Jules Massenet's Werther

« previous episode | next episode »

Saturday, September 17, 2011

Both tragic and deeply romantic, this opera by Jules Massenet stars a poet plagued by unrequited love, on the verge of suicide on Christmas Eve.

Werther, sung by tenor Ramón Vargas, is a sensitive, artistic character dreamed up by Goethe in the late 18th century. Werther attends a ball with the engaged Charlotte, played by mezzo-soprano Alice Coote, while her fiancé, Albert, is out of town. Amidst confessing his love for Charlotte, she explains a promise made to her dying mother that she would wed Albert.

Charlotte and Albert are wed by Act II, giving Werther plenty of reasons to despair.  Writing her letters and reminiscing about the time they’ve spent together, Werther can’t hide his affection for Charlotte, who asks him not to see her again until Christmas Day.

Though thoroughly French in its musical style, this opera is based on the German novel The Sorrows of Young Werther. A hallmark of early romanticism, the novel gained tremendous recognition for German polymath Johann Wolfgang von Goethe. Loosely autobiographical, Goethe fell in love with an engaged Charlotte of his own and suffered through a friendship he vainly wished more from.

Conductor Emmanuel Villaume leads this co-production between the San Francisco Opera and the Lyric Opera of Chicago.  


Werther - Ramon Vargas
Charlotte - Alice Coote
Sophie - Heidi Stober
Albert - Brian Mulligan
The Baliff - Christian Van Horn
Schmidt - Robert MacNeil
Katchen - Susannah Biller
Bruhlmann - Austin Kness
Johann - Bojan Knezevic

CONDUCTOR: Emmanuel Villaume
STAGE DIRECTOR: Francisco Negrin

Comments [6]

I must say I was surprised when I found out that the tenor in this performance was Ramon Vargas. I thought I was hearing Jonas Kaufman and I mean this as a true compliment.Vargas sounded very powerful in Pourquoi me reveiller. This performance brought back memories of a performance of this opera I heard in person at the Met some years ago with Alfredo Kraus which was also superb.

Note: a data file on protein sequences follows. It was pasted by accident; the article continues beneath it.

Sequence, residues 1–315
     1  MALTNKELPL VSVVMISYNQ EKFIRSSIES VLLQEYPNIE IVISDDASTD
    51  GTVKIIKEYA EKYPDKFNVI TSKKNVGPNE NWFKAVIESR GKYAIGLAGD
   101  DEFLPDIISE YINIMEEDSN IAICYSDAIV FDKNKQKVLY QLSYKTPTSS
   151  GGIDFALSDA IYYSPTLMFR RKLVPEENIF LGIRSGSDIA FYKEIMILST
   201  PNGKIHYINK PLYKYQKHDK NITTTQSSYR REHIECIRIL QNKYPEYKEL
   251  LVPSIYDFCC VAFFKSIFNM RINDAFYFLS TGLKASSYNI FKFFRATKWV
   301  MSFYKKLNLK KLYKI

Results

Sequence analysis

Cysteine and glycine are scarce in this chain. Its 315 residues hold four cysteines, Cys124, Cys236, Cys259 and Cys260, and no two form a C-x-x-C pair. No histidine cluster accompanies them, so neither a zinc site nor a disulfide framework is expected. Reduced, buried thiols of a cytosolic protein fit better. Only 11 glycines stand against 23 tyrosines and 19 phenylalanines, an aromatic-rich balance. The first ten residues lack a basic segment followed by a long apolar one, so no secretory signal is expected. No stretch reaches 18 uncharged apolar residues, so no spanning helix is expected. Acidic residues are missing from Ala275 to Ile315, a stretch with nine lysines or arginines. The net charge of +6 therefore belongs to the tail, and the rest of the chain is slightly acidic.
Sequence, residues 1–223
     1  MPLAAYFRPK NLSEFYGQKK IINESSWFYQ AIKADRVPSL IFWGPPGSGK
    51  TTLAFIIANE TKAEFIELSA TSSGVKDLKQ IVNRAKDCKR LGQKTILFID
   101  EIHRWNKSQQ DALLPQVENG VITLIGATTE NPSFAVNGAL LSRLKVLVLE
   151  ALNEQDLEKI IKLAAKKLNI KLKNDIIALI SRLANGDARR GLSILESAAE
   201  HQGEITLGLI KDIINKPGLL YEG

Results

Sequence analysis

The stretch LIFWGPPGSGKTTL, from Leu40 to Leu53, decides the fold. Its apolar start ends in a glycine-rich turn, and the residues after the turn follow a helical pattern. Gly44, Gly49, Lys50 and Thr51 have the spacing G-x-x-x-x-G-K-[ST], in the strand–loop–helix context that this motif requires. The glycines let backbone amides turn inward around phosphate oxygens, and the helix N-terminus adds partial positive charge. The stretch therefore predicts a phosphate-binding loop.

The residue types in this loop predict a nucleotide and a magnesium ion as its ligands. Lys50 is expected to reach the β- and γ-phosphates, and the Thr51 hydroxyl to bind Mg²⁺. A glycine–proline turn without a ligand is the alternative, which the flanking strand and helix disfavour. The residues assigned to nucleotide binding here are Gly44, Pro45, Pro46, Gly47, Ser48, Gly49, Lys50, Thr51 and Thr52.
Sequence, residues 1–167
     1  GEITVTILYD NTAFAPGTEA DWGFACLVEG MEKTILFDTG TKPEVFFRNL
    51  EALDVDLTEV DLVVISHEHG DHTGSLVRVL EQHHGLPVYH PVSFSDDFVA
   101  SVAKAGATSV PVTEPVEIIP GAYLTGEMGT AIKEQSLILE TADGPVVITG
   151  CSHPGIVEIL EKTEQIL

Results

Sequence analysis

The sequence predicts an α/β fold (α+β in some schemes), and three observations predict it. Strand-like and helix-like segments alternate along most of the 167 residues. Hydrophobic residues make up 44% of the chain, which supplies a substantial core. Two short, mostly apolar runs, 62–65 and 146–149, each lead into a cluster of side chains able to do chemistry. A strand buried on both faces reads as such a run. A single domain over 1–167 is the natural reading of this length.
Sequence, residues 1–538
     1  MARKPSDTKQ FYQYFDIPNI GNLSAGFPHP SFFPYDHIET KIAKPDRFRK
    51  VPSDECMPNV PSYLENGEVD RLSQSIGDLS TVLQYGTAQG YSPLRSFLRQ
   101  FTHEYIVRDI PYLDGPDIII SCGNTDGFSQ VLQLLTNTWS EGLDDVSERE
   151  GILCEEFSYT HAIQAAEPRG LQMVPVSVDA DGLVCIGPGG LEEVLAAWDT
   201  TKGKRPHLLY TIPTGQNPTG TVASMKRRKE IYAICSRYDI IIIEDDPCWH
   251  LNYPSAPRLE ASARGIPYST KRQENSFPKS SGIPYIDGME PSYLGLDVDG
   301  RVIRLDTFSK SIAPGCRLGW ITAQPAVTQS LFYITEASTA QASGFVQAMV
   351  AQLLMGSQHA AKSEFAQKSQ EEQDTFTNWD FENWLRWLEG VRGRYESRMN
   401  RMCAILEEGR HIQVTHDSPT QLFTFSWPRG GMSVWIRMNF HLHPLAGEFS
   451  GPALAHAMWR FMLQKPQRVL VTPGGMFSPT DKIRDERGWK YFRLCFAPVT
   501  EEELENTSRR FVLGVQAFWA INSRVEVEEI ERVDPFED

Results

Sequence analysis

Sep. 17 2011 03:49 PM
Alison from New York

my favorite French opera since the Met's 1971 production (its 2nd, and the 1st since 1909 or something). This despite greatness of Troyens et al. It remains so completely modern in emotion and mood - one of the few I wouldn't totally cringe to see done in a well-thought-out modern, even punk, production. The music is positively divine. You can do worse than base your opera on the great GOETHE! PS I am a Wagnerite, and even Wagner admired Massenet.

Sep. 17 2011 03:32 PM
concetta nardone from Elmont, NY

Yes, death scene a little too long and melodramatic but that tenor aria, Pourquoi me reveiller is absolutely gorgeous. I have a recording of Michael Bolton, of all people, singing this. His album is entitled My Secret Passion and he does a good job. Really, don't smirk. Yeah, I know I grew up listening to Bjoerling and Gigli but I know the work that went into this cd of his. This opera was a welcome change of pace.

Sep. 17 2011 03:15 PM
Barry Morentz from New York City

IMO, the best French opera (along with Troyens). Superb musical characterizations, exquisitely orchestrated, and music so right for each situation. The Clair de Lune, The Letter Scene, and Pourquoi me reveiller are unforgettable. (Death scene perhaps a bit dragged out). Massenet's reputation has deservedly been on the rise.

Sep. 17 2011 01:31 PM
concetta nardone from Elmont, NY

This opera deserves to be presented more often. Lovely music and probably the most beautiful tenor aria ever written, Why do you remind me of the whisper of spring. At least that is what I think he sings. Someone illuminate me if I am wrong.

Sep. 17 2011 11:23 AM
Erica Miner from CA

One of my most beloved operas of all time. The feelings portrayed are deep, yet raw and edgy. There's never been anything quite like it.

Sep. 15 2011 01:29 PM

Leave a Comment

Email addresses are required but never displayed.

The WQXR e-newsletter. Show highlights, links to music news, on-demand concerts, events from The Greene Space and more.